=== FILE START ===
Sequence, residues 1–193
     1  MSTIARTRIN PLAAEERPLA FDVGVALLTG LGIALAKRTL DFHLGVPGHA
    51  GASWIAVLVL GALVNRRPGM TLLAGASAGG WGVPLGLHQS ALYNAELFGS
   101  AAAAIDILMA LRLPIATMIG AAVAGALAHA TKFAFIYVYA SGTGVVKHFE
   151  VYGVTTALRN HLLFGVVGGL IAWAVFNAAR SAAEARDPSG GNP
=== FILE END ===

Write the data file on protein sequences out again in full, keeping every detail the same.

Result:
Sequence, residues 1–193
     1  MSTIARTRIN PLAAEERPLA FDVGVALLTG LGIALAKRTL DFHLGVPGHA
    51  GASWIAVLVL GALVNRRPGM TLLAGASAGG WGVPLGLHQS ALYNAELFGS
   101  AAAAIDILMA LRLPIATMIG AAVAGALAHA TKFAFIYVYA SGTGVVKHFE
   151  VYGVTTALRN HLLFGVVGGL IAWAVFNAAR SAAEARDPSG GNP